Alumni blog: Kalpana's memories of Pestalozzi
30 August 2013
Dr Kalpana Joshi came to Pestalozzi in September 1966, when it was Pestalozzi Children’s Village. She was one of seven boys and five girls chosen from Maharashtra state in India.
September was a lovely season to arrive as it wasn't too cold and we could see the autumnal changes from our dining room. We were excited about everything – from toilets and toilet paper, to having to sleep under blankets during the cold night. I saw my first snowflakes that winter and ran out to feel them on my body.
We were taken to local schools by coach. Even then there was the usual rush to get to the bottom gate in time! On Saturdays we were allocated to classes. Although as typical teenager I moaned and groaned, I can now appreciate what a privilege it was. I learnt to weave, dig and plant a herb garden, learnt about plants and pond dipping, pretended to be Lady Macbeth or became a stiff ballerina. Most of all, I learnt to swim. I still love it.
My favourite time was once a month when we had Indian food. It was difficult to get all the spices and ingredients in those days. As I was vegetarian like most of us Indians, I found it hard to get used to school dinners with slabs of spam or ham. Eating lettuce was bizarre too – no spices and completely raw! Best of all were the puddings: spotted dick, sponge and custard, chocolate cake, fruit salad, bakewell tart. I doubled in weight very quickly with all this food and became a large laddoo (round sweet)!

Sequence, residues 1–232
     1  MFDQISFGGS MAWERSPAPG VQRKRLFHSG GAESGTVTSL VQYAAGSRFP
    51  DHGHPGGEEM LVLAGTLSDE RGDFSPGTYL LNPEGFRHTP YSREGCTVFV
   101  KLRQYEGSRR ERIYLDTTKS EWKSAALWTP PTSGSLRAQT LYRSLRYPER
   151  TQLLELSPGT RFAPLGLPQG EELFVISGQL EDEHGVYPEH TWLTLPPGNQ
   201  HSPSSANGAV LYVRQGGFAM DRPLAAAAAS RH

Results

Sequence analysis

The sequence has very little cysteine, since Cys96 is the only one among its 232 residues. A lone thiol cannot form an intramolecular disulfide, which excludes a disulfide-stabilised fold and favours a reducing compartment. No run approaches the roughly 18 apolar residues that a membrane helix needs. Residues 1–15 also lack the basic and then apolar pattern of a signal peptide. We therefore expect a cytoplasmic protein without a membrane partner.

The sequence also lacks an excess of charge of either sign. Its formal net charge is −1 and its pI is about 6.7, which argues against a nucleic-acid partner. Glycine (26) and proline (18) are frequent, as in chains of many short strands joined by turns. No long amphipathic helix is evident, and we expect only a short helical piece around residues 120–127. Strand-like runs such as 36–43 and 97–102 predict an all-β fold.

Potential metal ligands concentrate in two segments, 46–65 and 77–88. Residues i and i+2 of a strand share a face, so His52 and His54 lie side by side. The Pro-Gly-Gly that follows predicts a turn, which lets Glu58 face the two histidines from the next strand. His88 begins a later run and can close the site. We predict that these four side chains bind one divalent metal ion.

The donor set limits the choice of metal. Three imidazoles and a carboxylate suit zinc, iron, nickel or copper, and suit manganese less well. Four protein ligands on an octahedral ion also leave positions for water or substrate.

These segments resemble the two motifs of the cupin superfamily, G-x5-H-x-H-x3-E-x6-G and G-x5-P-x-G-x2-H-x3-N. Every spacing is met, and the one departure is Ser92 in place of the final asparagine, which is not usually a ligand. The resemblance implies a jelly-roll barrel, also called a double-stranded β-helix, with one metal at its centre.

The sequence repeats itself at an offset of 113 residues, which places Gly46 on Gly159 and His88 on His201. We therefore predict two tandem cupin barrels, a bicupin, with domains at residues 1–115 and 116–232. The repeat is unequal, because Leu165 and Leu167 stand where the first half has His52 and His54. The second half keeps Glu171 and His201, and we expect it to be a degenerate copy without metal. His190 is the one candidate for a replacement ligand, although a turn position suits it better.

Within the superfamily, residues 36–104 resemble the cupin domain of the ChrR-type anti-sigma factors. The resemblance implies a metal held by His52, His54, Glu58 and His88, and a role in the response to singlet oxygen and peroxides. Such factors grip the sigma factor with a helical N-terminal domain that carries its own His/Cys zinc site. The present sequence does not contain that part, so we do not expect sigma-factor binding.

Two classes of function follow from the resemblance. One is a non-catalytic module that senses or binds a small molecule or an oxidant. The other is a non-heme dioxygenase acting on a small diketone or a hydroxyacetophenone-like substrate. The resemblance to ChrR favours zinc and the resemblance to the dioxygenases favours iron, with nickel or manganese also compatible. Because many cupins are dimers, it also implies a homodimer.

This article first appeared in the Spring/Summer 2013 edition of the Pestalozzi Newsletter. Sign up to receive future editions.
After Pestalozzi, I went to Liverpool University
on the train with my two suitcases. Lime Street was disappointing as there were no lime trees. In fact, there were no trees in sight, though the cobbled street was lovely! I graduated from Liverpool and went to live in Birmingham. I have now been working as a GP for 22 years, which is worthwhile and fulfilling work. I also have an allotment garden where I can continue to experiment with growing edible plants and work with my hands.